poem index

Manuscript Study: Walt Whitman

Year

2009

This article originally appeared in issue 36 of American Poet, the biannual journal of the Academy of American Poets. To subscribe to American Poet, become a member online.

 


Come, said my Soul
Such verses for my Body let us write, (for we are one,)
That should I after death invisibly return,
Or, long, long hence, in other spheres,
There to some group of mates the chants resuming,
(Tallying Earth's soil, trees, winds, tumultuous waves,)
Ever with pleas'd smiles I may keep on,
Ever and ever yet the verses owning – as, first, I here and now,
Singing for Soul and Body, set to them my name,
Walt Whitman

Walt Whitman's handwritten rough drafts of "Come, said my Soul" appear on the facing page and the front and back covers of this issue of American Poet. The poem was first published individually and then as the title-page epigraph to later editions of Leaves of Grass.

The poem's evolution in these drafts is fascinating; it begins as an address to a him, shifts to addressing the soul, and then becomes a command to the self to create a poem that one can return to enjoy even after death. The first draft begins "Go," while the final version begins "Come." This transition captures so much of the sense of invitation in Whitman's work.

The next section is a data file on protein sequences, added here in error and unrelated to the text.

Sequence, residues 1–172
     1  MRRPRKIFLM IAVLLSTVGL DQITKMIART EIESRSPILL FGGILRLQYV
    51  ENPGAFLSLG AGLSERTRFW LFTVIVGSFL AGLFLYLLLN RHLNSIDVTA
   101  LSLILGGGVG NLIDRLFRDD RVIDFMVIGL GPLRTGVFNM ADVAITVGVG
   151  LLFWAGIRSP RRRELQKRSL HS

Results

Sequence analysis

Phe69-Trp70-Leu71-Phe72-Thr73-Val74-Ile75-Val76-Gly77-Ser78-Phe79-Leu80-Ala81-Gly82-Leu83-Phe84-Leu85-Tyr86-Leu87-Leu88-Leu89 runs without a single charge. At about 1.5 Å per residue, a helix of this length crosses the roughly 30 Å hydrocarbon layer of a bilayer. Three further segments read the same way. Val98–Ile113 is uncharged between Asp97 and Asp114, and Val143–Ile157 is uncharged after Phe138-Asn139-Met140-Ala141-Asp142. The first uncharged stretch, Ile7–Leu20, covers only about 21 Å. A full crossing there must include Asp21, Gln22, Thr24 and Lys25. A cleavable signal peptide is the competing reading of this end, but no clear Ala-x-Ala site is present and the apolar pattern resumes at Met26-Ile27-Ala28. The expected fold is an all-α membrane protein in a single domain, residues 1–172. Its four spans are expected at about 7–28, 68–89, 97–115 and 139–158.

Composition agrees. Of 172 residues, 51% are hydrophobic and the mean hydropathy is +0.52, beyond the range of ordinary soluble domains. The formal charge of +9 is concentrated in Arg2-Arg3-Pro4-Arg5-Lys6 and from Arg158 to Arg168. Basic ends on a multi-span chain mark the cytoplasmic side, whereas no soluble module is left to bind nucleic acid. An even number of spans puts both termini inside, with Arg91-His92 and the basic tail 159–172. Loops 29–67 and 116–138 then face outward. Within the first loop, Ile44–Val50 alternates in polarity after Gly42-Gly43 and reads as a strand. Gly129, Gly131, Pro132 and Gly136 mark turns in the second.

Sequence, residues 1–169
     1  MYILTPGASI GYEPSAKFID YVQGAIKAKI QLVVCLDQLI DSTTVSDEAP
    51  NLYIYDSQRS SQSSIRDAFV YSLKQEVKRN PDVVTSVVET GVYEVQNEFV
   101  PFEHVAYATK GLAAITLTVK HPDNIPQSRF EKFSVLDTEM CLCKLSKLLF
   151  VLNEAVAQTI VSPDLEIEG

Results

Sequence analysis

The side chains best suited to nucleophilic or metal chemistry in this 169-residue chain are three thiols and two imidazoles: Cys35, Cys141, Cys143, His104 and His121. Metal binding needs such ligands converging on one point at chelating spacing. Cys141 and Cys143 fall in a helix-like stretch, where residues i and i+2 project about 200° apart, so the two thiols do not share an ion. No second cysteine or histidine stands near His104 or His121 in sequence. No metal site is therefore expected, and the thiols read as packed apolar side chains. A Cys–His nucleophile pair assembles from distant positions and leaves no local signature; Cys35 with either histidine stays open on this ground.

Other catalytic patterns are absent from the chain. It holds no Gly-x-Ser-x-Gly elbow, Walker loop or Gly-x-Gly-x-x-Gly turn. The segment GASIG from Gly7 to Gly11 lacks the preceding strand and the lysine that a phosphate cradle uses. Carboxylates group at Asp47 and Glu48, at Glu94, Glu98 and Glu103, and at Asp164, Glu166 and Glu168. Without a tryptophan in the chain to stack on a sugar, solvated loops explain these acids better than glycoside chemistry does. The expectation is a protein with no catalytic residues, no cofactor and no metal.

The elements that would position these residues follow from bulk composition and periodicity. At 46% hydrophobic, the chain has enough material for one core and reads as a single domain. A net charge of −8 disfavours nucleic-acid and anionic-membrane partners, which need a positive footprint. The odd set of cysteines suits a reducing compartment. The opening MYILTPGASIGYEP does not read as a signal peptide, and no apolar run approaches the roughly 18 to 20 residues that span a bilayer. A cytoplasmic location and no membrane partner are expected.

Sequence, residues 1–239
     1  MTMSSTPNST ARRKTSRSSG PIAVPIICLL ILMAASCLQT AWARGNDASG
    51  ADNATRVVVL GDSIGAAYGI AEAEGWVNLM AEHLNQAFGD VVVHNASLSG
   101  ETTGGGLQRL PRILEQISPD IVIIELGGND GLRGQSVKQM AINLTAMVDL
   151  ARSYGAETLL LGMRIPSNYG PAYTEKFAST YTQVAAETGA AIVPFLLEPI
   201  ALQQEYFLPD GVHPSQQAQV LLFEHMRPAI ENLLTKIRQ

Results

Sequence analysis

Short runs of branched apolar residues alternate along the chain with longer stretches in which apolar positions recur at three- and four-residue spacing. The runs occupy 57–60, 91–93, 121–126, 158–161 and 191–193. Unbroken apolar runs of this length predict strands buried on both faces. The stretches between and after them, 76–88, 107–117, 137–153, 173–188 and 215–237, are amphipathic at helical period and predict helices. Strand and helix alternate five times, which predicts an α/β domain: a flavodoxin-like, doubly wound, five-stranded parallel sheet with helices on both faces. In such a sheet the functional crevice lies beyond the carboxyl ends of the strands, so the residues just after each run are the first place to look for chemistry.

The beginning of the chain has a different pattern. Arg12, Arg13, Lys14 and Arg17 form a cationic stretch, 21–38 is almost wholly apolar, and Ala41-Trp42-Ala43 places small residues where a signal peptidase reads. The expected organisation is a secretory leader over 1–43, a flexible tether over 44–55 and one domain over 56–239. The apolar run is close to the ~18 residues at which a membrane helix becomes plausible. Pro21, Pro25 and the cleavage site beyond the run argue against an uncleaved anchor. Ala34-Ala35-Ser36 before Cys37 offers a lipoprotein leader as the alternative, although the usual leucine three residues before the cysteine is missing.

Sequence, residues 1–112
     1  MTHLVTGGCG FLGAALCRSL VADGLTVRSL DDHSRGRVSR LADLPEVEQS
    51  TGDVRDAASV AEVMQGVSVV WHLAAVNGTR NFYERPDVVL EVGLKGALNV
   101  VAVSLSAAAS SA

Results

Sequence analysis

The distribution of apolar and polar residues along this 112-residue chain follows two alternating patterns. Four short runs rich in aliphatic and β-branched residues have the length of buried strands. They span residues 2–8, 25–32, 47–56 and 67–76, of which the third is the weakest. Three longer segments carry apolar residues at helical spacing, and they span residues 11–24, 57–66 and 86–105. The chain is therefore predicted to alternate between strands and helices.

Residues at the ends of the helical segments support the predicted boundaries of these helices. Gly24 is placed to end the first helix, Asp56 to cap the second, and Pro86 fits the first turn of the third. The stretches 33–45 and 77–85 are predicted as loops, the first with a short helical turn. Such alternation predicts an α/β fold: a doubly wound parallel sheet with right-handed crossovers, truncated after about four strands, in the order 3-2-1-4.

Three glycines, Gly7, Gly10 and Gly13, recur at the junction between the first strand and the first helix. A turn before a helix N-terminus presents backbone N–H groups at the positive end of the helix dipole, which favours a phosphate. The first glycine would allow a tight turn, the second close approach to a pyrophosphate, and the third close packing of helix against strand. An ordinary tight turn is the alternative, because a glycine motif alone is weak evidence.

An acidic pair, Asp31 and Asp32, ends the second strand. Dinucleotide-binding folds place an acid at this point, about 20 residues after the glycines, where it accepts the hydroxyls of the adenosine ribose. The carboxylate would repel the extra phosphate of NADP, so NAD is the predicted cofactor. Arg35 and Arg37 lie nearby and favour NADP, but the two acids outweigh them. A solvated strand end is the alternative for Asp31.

Although Whitman's handwriting in final versions of his poems is flowing yet readable, as one might expect from a former typesetter, here we can see action on the page – writing and then crossing out, linking and shifting images and thoughts – and maybe even guess at how it might have felt to struggle with the writing of this poem.

Whitman himself seemed to find interest in the way this poem shifted and changed in its various drafts. He saved the drafts, labeled them "Scraps of Rough Draft," and went so far as to glue a separate draft to previous ones.

On the occasion of his sixty-fifth birthday, Whitman wrote a third-person biography of himself for a newspaper. After presenting the facts of his life, he wrote, "Though crippled permanently from his war paralysis, appearing at first sight much older than he is … he writes a little all the time and retains his buoyancy and cheeriness without the least discrimination ... loves the open air and the sights of active life, and manages to get out in them almost every day." If Whitman himself does not return to enjoy his verses, we still find him – his buoyancy, the drive to continue writing, and more – in his archives and his work.